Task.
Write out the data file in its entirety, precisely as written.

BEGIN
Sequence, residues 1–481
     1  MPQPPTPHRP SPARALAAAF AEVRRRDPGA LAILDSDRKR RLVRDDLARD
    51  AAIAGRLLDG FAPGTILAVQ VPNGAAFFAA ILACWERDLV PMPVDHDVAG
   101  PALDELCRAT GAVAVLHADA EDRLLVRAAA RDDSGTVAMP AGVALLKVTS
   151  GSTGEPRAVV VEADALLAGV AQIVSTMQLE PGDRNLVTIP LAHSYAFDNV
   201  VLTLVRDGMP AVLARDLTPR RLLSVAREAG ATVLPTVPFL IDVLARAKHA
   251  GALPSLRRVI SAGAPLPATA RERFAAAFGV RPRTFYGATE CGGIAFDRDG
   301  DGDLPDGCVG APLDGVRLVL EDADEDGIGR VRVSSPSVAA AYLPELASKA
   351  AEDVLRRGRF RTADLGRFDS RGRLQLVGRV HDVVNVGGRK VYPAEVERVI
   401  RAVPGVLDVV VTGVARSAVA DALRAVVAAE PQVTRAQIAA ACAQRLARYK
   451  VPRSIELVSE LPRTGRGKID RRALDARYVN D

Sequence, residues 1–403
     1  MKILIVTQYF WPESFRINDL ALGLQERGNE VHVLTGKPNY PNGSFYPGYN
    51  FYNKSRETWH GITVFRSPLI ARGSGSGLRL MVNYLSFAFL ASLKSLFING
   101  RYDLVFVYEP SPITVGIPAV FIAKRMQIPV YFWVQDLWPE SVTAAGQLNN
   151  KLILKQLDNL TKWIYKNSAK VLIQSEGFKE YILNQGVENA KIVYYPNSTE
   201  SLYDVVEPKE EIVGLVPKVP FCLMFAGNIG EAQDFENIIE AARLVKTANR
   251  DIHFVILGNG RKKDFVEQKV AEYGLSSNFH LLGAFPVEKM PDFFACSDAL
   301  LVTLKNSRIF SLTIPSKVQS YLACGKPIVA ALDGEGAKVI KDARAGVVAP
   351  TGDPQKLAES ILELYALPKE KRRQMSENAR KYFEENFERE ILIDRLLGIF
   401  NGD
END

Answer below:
Sequence, residues 1–481
     1  MPQPPTPHRP SPARALAAAF AEVRRRDPGA LAILDSDRKR RLVRDDLARD
    51  AAIAGRLLDG FAPGTILAVQ VPNGAAFFAA ILACWERDLV PMPVDHDVAG
   101  PALDELCRAT GAVAVLHADA EDRLLVRAAA RDDSGTVAMP AGVALLKVTS
   151  GSTGEPRAVV VEADALLAGV AQIVSTMQLE PGDRNLVTIP LAHSYAFDNV
   201  VLTLVRDGMP AVLARDLTPR RLLSVAREAG ATVLPTVPFL IDVLARAKHA
   251  GALPSLRRVI SAGAPLPATA RERFAAAFGV RPRTFYGATE CGGIAFDRDG
   301  DGDLPDGCVG APLDGVRLVL EDADEDGIGR VRVSSPSVAA AYLPELASKA
   351  AEDVLRRGRF RTADLGRFDS RGRLQLVGRV HDVVNVGGRK VYPAEVERVI
   401  RAVPGVLDVV VTGVARSAVA DALRAVVAAE PQVTRAQIAA ACAQRLARYK
   451  VPRSIELVSE LPRTGRGKID RRALDARYVN D

Sequence, residues 1–403
     1  MKILIVTQYF WPESFRINDL ALGLQERGNE VHVLTGKPNY PNGSFYPGYN
    51  FYNKSRETWH GITVFRSPLI ARGSGSGLRL MVNYLSFAFL ASLKSLFING
   101  RYDLVFVYEP SPITVGIPAV FIAKRMQIPV YFWVQDLWPE SVTAAGQLNN
   151  KLILKQLDNL TKWIYKNSAK VLIQSEGFKE YILNQGVENA KIVYYPNSTE
   201  SLYDVVEPKE EIVGLVPKVP FCLMFAGNIG EAQDFENIIE AARLVKTANR
   251  DIHFVILGNG RKKDFVEQKV AEYGLSSNFH LLGAFPVEKM PDFFACSDAL
   301  LVTLKNSRIF SLTIPSKVQS YLACGKPIVA ALDGEGAKVI KDARAGVVAP
   351  TGDPQKLAES ILELYALPKE KRRQMSENAR KYFEENFERE ILIDRLLGIF
   401  NGD